Centrioles are organelles involved in cell division. They help organize the chromosomes before cell division so that each daughter cell has the correct number of chromosomes after the cell divides. Centrioles are found only in animal cells and are located near the nucleus (see Figure above).
Plant cells have several structures that are not found in animal cells, including a cell wall, a large central vacuole, and organelles called plastids. You can see each of these structures in Figure below. You can also view them in an interactive plant cell at the link below. http://www.cellsalive.com/cells/cell_model.htm
Plant Cell. In addition to the organelles and other structures found inside animal cells, plant cells also have a cell wall, a large central vacuole, and plastids such as chloroplasts. Can you find each of these structures in the figure?
The cell wall is a rigid layer that surrounds the plasma membrane of a plant cell. It supports and protects the cell. Tiny holes, or pores, in the cell wall allow water, nutrients, and other substances to move into and out of the cell. The cell wall is made up mainly of complex carbohydrates, including cellulose.
Most mature plant cells have a large central vacuole. This vacuole can make up as much as 90% of the cell’s volume. The central vacuole has a number of functions, including storing substances such as water, enzymes, and salts. It also helps plant tissues, such as stems and leaves, stay rigid and hold their shape. It even helps give flowers, like the ones in Figure below, their beautiful colors.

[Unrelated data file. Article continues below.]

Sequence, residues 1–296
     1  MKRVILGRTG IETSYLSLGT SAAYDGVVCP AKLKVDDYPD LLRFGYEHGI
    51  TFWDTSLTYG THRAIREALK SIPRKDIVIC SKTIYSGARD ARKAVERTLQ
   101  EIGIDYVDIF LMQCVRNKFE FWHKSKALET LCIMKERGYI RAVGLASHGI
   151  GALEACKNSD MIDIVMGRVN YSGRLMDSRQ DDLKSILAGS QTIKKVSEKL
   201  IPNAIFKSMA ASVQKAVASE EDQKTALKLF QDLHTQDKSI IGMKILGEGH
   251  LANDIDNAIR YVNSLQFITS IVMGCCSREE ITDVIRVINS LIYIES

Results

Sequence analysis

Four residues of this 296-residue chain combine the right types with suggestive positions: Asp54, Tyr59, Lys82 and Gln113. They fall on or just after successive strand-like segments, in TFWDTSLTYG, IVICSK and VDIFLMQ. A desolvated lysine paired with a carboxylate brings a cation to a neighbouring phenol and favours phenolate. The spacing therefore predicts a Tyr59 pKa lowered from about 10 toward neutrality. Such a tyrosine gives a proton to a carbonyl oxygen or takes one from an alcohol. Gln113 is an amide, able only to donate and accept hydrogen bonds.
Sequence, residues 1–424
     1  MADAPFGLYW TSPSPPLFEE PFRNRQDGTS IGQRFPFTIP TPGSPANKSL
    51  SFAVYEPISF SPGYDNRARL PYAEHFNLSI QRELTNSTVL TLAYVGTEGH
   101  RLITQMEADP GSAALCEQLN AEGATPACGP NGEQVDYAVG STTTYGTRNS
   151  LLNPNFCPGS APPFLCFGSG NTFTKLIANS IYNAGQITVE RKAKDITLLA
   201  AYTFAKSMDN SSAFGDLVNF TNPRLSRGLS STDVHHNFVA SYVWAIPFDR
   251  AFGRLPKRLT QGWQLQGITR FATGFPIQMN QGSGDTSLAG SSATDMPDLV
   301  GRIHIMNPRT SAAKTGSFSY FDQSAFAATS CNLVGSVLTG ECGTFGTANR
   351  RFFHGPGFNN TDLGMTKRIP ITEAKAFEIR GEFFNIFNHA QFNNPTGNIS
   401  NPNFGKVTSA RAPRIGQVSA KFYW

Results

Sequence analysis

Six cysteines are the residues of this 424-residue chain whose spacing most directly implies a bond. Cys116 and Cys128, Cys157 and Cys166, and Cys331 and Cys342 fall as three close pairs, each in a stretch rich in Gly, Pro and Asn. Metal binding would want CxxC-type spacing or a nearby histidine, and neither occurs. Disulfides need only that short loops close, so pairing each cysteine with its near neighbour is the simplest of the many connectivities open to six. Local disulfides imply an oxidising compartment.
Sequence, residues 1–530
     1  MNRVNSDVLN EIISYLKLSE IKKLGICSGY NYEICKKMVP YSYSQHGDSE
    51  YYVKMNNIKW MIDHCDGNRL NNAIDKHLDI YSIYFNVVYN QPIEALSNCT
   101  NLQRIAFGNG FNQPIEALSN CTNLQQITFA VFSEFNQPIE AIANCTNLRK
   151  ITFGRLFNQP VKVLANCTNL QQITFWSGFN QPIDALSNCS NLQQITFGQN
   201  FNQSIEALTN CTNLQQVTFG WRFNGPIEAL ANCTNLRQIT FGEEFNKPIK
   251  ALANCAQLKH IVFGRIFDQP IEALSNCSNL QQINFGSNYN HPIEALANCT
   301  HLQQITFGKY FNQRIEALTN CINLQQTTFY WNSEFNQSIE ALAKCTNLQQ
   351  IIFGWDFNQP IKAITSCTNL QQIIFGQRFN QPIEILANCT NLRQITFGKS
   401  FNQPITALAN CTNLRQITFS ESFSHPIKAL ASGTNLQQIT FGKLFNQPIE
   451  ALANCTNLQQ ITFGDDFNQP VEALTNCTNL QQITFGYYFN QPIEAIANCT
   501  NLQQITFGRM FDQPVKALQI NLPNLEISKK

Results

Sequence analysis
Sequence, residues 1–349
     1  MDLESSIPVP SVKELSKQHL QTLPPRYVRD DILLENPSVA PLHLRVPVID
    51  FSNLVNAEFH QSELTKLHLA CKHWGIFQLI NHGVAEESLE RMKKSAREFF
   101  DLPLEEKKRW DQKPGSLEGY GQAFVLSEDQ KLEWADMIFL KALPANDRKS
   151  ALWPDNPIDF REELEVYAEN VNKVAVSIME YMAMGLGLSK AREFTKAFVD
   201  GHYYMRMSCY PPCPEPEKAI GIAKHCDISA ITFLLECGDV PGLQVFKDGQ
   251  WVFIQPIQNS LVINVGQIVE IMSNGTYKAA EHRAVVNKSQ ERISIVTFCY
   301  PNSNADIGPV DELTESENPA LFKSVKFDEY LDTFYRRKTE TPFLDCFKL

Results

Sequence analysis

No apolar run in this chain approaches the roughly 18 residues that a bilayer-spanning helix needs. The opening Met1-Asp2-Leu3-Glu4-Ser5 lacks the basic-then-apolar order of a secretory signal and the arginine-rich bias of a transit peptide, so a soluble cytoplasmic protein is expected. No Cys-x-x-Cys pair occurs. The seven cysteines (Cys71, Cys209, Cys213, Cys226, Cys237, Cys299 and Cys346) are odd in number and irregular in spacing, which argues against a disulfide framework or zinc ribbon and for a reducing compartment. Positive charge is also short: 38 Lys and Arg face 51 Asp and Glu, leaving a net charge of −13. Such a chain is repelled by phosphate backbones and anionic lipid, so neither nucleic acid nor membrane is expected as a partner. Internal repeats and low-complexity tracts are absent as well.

These flowers are red because of red pigment molecules in the central vacuoles of their cells. The bright colors are an important adaptation. They help the flowers attract pollinators such as hummingbirds so the plants can reproduce.
Plastids are organelles in plant cells that carry out a variety of different functions. The main types of plastids and their functions are described below.
mitochondria, plastids contain their own DNA. Therefore, according to
endosymbiotic theory, plastids may also have evolved from ancient,
free-living prokaryotes that invaded larger prokaryotic cells. If so,
they allowed early eukaryotes to make food and produce oxygen.
1. Describe the composition of the plasma membrane.
2. List functions of the cytoplasm and cytoskeleton.
3. What is the role of the nucleus of a eukaryotic cell?
4. List three structures that are found in plant cells but not in animal cells.
5. Explain why hydrophobic (“water-hating”) molecules can easily cross the plasma membrane, while hydrophilic (“water-loving”) molecules cannot.
6. What is endosymbiotic theory? How does it explain the presence of certain organelles in eukaryotic cells?
7. Explain how the following organelles ensure that a cell has the proteins it needs: nucleus, rough and smooth ER, vesicles, and Golgi apparatus.